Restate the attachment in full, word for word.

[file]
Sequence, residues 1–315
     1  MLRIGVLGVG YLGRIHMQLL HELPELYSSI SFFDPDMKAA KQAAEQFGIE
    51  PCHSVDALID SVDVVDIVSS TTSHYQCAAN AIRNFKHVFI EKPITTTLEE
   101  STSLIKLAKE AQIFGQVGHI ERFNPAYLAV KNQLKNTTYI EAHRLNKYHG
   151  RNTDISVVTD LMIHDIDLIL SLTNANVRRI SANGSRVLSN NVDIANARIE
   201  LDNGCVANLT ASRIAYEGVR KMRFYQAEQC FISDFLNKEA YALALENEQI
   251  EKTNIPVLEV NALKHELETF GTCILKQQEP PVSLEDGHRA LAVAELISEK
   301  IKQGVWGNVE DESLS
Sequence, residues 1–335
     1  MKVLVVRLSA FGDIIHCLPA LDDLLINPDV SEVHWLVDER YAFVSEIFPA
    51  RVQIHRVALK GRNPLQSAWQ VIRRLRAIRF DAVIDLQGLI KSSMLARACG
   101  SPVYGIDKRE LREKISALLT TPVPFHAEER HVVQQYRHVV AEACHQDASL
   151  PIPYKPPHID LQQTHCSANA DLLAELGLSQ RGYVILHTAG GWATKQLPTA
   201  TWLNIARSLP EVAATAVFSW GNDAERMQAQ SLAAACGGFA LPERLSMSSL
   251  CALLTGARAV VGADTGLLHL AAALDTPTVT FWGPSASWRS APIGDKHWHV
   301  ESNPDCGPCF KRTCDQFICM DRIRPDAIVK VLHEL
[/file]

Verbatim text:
Sequence, residues 1–315
     1  MLRIGVLGVG YLGRIHMQLL HELPELYSSI SFFDPDMKAA KQAAEQFGIE
    51  PCHSVDALID SVDVVDIVSS TTSHYQCAAN AIRNFKHVFI EKPITTTLEE
   101  STSLIKLAKE AQIFGQVGHI ERFNPAYLAV KNQLKNTTYI EAHRLNKYHG
   151  RNTDISVVTD LMIHDIDLIL SLTNANVRRI SANGSRVLSN NVDIANARIE
   201  LDNGCVANLT ASRIAYEGVR KMRFYQAEQC FISDFLNKEA YALALENEQI
   251  EKTNIPVLEV NALKHELETF GTCILKQQEP PVSLEDGHRA LAVAELISEK
   301  IKQGVWGNVE DESLS
Sequence, residues 1–335
     1  MKVLVVRLSA FGDIIHCLPA LDDLLINPDV SEVHWLVDER YAFVSEIFPA
    51  RVQIHRVALK GRNPLQSAWQ VIRRLRAIRF DAVIDLQGLI KSSMLARACG
   101  SPVYGIDKRE LREKISALLT TPVPFHAEER HVVQQYRHVV AEACHQDASL
   151  PIPYKPPHID LQQTHCSANA DLLAELGLSQ RGYVILHTAG GWATKQLPTA
   201  TWLNIARSLP EVAATAVFSW GNDAERMQAQ SLAAACGGFA LPERLSMSSL
   251  CALLTGARAV VGADTGLLHL AAALDTPTVT FWGPSASWRS APIGDKHWHV
   301  ESNPDCGPCF KRTCDQFICM DRIRPDAIVK VLHEL